Nanomaterials and articles that have been treated with biocidal product(s) are covered within the scope of the BPR. These types of products are subject to the active substance approval and national authorisation. 

What must be submitted?

The BPR provides several options to obtain national authorisation. When a supplier intends to place a biocidal product in more than one member state, the supplier can select from the following authorisation options based on the application time and the overall cost that it can bear.

  • Union authorisation
  • Mutual recognition in parallel
  • Mutual recognition in sequence

Union authorisation offers a product authorisation that will be effective throughout the EU market without the supplier applying to any specific member state.

For authorisation through mutual recognition (whether in parallel or in sequence), the supplier must first identify the member states where the biocidal product will be sold and choose one competent authority to conduct the evaluation.

For mutual recognition in parallel, the evaluation is conducted by the chosen competent authority and other concerned member states can engage in the evaluation process simultaneously by providing comments.

Mutual recognition in sequence grants an authorisation for one country and other member states are asked by an applicant to recognize the authorisation.

Submission of information

For the approval of the active substance the Active Substance dossiers are to be created using IUCLID and submitted via the Register for Biocidal Products (R4BP). 

For the product authorization a Product Dosser is to be created in IUCLID and a Summary of Product Characteristics (SPC) is to be compiled via the SPC editor, which is required for each national authorisation. The product dossier(s) and the SPC are then submitted to ECHA through R4BP. ECHA has published numerous guidance documents to clarify the components of the BPR, and they are available from its website.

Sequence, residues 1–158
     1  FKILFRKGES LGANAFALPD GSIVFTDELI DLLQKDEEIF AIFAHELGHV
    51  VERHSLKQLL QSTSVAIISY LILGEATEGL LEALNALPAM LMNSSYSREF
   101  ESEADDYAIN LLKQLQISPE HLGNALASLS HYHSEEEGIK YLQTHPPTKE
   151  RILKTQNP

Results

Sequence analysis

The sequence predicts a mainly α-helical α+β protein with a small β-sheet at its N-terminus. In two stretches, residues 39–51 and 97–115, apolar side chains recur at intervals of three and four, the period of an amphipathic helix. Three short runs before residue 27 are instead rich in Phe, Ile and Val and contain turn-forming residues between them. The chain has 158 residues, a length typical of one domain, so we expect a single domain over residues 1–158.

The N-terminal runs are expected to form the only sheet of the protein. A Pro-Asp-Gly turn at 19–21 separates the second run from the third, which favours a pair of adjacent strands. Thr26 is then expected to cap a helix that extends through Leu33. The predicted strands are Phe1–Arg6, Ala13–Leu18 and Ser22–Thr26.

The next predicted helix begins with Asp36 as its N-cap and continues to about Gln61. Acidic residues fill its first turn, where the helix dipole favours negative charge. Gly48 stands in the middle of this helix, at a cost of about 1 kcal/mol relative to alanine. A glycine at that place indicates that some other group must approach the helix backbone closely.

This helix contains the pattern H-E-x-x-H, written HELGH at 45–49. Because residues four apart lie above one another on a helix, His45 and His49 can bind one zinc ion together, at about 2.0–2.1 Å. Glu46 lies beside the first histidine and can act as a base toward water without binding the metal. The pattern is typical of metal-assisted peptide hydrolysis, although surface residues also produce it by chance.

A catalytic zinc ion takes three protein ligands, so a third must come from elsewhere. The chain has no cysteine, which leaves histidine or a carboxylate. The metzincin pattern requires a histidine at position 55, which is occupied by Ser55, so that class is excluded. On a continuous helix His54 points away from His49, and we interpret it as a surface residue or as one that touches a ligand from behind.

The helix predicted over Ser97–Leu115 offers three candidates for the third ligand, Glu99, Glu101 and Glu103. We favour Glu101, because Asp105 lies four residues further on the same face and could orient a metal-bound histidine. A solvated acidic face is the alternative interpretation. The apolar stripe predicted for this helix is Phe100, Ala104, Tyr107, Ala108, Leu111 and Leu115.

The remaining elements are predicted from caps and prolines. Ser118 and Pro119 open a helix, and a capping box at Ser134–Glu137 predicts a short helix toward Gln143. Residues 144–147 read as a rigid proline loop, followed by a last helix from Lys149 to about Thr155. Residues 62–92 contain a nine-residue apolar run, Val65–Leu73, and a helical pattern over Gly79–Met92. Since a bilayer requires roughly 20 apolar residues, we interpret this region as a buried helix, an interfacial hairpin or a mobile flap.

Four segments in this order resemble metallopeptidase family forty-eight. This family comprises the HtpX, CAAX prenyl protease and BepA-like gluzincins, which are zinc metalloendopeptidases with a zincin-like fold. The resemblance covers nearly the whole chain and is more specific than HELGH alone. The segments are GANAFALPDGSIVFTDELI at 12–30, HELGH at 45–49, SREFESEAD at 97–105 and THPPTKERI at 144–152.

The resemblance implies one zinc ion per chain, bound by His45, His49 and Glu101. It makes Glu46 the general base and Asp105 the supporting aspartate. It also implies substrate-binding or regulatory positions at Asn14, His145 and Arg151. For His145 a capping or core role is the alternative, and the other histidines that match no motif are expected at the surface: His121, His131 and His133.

Transitional Period

The Biocidal Product Regulation, which came into force on 1 September 2013, provides transitional measures in which each EU member state is allowed to enforce its own laws and regulations to control Biocidal Products before adopting the BPR measures in full. Consequently, suppliers of Biocidal Products may be required to comply with existing national authorisation procedures unique to the member state.

Treated Articles

Articles can only be treated with active substances that have been approved under the biocide regulation for that purpose (specific product category). The regulation also includes labeling requirements for articles that have been treated with or incorporate a biocidal product in case

  • a claim is made that the treated article has biocidal properties; or
  • the active substance used to treat the article is subject to specific labelling provisions as part of it’s approval

Consumers can request information from the supplier on the biocidal treatment applied to the article. This information needs to be provided free of charge within 45 days.

Plant Protection Products

Plant Protection Products (PPP) require authorisation/registration in the EU. The EU has developed a regulatory framework through Regulation (EC) 1107/2009 which lays down rules for the authorisation of Plant Protection Products (PPPs). The Regulation requires extensive risk assessments to be carried out before PPPs can be placed on the EU market and used. This process involves all Member States, the European Food Safety Authority (EFSA), and the European Commission (Commission).

Registration